Author Topic: A Compendium on Myopia Rehabililation  (Read 57580 times)

Offline CapitalPrince

  • Full Member
  • ***
  • Posts: 187
Re: A Compendium on Myopia Rehabililation
« Reply #105 on: November 12, 2014, 10:46:24 PM »
hey svartberg its CapitalPrince here not Tom :)

every lens has an optical center so when you look at the edges of your lenses things start to get distorted. it won't do any harm and there are no negative effects. the distortion on a +1.5 to +2.5 is minimal (i guess you could use high index, but that comes with the price of lower abbe value.

I currently use a -0.25/+1.5D progressive lenses. I find it much better than having several pairs of plus lenses.  I can't imagine the distortion for someone wearing -5/6/-7D diopters

Offline svartberg

  • Newbie
  • *
  • Posts: 41
Re: A Compendium on Myopia Rehabililation
« Reply #106 on: November 12, 2014, 10:56:28 PM »
Haha my bad, thanks for the info CapitalPrince !

Offline caimanjosh

  • Newbie
  • *
  • Posts: 44
Re: A Compendium on Myopia Rehabililation
« Reply #107 on: November 13, 2014, 12:07:46 PM »
any type of lens will create a distortion. also plus lenses tend to make things bigger, and and minus lenses make things smaller. But distortion/magnification should not be a problem unless wear + or - 2.0D or more . Another good reason to keep myopia in control

I do note that my +4.5 and +5 lenses have significant distortion -- the edges are quite easy to read through, while the center is significantly more difficult.  Also, the magnification is fairly large at this level.  Does this represent a problem?  I feel like I've continued to make progress by progressing to these more powerful lenses, albeit considerably slower progress. 

Offline caimanjosh

  • Newbie
  • *
  • Posts: 44
Re: A Compendium on Myopia Rehabililation
« Reply #108 on: November 20, 2014, 05:34:55 AM »
[From the Q&A]
Quote
While optical lenses are designed to be transparent, as the lens thicken, an unintended effect invariably occurs. Namely, the light rays would become significantly diffused by the lens, and non-stop exposure to diffused blur has been shown, both in animals and by us, to induce form deprivation myopia.

In fact, we were able to replicate form deprivation effects on our own, through the prolonged use of strong minus lenses, strong plus lenses and sunglasses."
Huh, that's kind of alarming from my perspective.  I'm currently using +4.5/+5 lenses that seem to suffer from this in the center.  Previously, I had been combining a +3.5 and a +1.5 lens to make a +5 "lens".  (Because I didn't have any higher power lenses, and I was being a cheap bastard and trying not to buy any ;D .)  With that setup, I didn't notice any blurring in the center.  But with the single +5 lens, I do.  Now I'm thinking that for anything over +4 or so, combining lower power lenses may be a better way to go.  Maybe I should've listened to my cheap instincts after all.  I may have to rejigger my reading glasses again.  Thanks for the informative posts, Tom.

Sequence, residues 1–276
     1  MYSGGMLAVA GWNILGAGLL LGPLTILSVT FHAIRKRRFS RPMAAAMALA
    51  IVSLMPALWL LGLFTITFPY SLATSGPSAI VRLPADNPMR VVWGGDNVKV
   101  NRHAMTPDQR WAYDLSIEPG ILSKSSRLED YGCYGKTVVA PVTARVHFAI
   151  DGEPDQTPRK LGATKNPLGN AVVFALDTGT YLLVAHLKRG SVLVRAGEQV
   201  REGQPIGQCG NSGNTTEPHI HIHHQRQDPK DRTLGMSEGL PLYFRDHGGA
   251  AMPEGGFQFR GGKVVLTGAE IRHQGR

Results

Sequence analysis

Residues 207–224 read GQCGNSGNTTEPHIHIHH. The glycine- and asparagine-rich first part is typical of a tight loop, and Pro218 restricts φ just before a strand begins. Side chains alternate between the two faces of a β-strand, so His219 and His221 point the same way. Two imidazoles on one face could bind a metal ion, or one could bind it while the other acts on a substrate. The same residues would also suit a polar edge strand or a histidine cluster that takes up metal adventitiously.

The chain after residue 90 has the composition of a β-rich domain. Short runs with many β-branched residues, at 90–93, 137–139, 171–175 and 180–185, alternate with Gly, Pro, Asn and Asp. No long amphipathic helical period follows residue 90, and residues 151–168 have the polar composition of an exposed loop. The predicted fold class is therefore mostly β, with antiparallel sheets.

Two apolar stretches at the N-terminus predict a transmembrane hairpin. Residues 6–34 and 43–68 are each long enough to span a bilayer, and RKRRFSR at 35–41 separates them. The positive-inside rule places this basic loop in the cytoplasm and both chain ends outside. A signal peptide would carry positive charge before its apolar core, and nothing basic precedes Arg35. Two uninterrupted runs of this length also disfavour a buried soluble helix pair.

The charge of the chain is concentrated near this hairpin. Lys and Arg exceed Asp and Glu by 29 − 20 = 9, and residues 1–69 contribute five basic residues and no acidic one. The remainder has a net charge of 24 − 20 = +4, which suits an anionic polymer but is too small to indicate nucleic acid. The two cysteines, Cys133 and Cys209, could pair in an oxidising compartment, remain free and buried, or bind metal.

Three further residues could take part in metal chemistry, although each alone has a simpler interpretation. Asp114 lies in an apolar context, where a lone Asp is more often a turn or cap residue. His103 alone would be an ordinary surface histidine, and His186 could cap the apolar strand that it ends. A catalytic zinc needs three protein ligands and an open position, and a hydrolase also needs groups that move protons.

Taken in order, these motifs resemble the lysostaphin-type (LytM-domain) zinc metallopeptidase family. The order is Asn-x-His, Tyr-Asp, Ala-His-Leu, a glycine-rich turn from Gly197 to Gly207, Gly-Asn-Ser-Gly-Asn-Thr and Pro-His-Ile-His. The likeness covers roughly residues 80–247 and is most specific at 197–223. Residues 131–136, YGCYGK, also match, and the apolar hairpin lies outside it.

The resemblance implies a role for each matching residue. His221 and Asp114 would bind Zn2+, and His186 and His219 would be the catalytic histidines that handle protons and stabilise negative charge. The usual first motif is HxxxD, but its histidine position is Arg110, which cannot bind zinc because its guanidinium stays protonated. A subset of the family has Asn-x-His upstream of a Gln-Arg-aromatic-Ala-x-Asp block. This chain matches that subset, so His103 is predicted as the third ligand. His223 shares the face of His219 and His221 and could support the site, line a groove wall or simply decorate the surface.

Offline svartberg

  • Newbie
  • *
  • Posts: 41
Re: A Compendium on Myopia Rehabililation
« Reply #109 on: November 20, 2014, 05:55:49 AM »
caimanjosh, why such a high plus are you 20/15 ?
One trick to reduce plus, is to increase distance to book/monitor instead

Offline OtisBrown

  • Hero Member
  • *****
  • Posts: 1766
Re: A Compendium on Myopia Rehabililation
« Reply #110 on: November 20, 2014, 09:55:17 AM »
HI Caimanjosh,

I generally think that (for prevention) for people with 20/30 to 20/40, a +3.00 would be fine.

I have no problem if you choose to wear a +5, but it is more than is necessary.

What distance can you read though a +5?  Theory would say about 10 inches?

Just curious for you to check.

Thanks,



[From the Q&A]
Quote
While optical lenses are designed to be transparent, as the lens thicken, an unintended effect invariably occurs. Namely, the light rays would become significantly diffused by the lens, and non-stop exposure to diffused blur has been shown, both in animals and by us, to induce form deprivation myopia.

In fact, we were able to replicate form deprivation effects on our own, through the prolonged use of strong minus lenses, strong plus lenses and sunglasses."
Huh, that's kind of alarming from my perspective.  I'm currently using +4.5/+5 lenses that seem to suffer from this in the center.  Previously, I had been combining a +3.5 and a +1.5 lens to make a +5 "lens".  (Because I didn't have any higher power lenses, and I was being a cheap bastard and trying not to buy any ;D .)  With that setup, I didn't notice any blurring in the center.  But with the single +5 lens, I do.  Now I'm thinking that for anything over +4 or so, combining lower power lenses may be a better way to go.  Maybe I should've listened to my cheap instincts after all.  I may have to rejigger my reading glasses again.  Thanks for the informative posts, Tom.
« Last Edit: November 20, 2014, 12:45:13 PM by OtisBrown »

Offline caimanjosh

  • Newbie
  • *
  • Posts: 44
Re: A Compendium on Myopia Rehabililation
« Reply #111 on: November 21, 2014, 12:38:57 PM »
caimanjosh, why such a high plus are you 20/15 ?
One trick to reduce plus, is to increase distance to book/monitor instead

My right eye is close to 20/15, certainly it's 20/20 anyways.  Left eye more like 20/30 to 20/40. 
I have thought about just using weaker plus lenses and increasing the distance to the book (I use these when reading).  However, I notice that what often happens is that my body "creeps" the book closer to my face once I stop paying attentioin to that -- either I lean over slightly, or end up bringing my arms closer.  This ends up making the reading easier, and thus, I think, negates the purpose of making it as challenging as possible.  Whereas if I use a stronger plus, my body's natural tendency is to try and move the book farther away to make things more comfortable.  Thus, that works more in favor of my objective.  I think my reading distance is around a foot away or so with these lenses -- maybe as little as 10 inches at times, and maybe as much as 15 at other times, during a "clear flash". 

I did slowly (over the course of months, maybe an inch at a time) move my monitor at work farther away from me, and keep using the same plus lenses.  Since I'm not holding my monitor (unlike a book), this seems to have worked fairly well. 

Offline Tom

  • Newbie
  • *
  • Posts: 36
    • The Sustainabilitist
Re: A Compendium on Myopia Rehabililation
« Reply #112 on: June 14, 2015, 02:50:32 PM »
I had some new inspiration and finding on cataract, but because my info is not in depth enough to warrant a blogpost. I just put it here.

We are having some debate with professionals here. Will post some if it turns out to be interesting enough. 8)
« Last Edit: June 15, 2015, 05:08:52 AM by Tom »
The Sustainabilitist
Stretching Further the Concepts of Sustainability and Resilience
Facebook   Twitter   Google+

Offline Tom

  • Newbie